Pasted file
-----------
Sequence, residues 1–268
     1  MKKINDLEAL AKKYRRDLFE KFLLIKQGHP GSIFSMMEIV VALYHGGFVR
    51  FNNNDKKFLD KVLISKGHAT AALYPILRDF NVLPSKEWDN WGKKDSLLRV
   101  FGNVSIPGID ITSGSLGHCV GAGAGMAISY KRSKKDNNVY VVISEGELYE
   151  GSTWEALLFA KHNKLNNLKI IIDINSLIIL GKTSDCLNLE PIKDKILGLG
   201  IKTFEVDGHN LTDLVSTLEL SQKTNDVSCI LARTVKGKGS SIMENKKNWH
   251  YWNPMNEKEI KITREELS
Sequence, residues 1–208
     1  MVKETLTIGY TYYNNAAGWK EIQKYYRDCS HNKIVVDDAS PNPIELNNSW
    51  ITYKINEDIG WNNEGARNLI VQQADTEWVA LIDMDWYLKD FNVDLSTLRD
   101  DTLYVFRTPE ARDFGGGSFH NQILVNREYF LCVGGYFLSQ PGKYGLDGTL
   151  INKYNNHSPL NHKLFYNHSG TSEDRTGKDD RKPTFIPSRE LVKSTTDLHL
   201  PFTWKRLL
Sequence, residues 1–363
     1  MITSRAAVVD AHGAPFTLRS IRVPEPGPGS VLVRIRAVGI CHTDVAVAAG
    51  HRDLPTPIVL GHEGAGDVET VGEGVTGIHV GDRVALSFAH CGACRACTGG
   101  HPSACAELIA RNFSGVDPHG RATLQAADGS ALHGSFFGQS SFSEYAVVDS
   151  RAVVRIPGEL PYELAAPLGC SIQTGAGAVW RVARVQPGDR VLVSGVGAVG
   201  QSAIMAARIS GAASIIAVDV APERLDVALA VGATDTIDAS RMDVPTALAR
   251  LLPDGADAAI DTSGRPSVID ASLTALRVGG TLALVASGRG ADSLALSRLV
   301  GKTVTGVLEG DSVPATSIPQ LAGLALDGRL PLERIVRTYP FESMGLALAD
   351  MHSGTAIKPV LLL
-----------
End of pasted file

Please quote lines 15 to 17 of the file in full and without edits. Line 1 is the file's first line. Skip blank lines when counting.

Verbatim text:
     1  MITSRAAVVD AHGAPFTLRS IRVPEPGPGS VLVRIRAVGI CHTDVAVAAG
    51  HRDLPTPIVL GHEGAGDVET VGEGVTGIHV GDRVALSFAH CGACRACTGG
   101  HPSACAELIA RNFSGVDPHG RATLQAADGS ALHGSFFGQS SFSEYAVVDS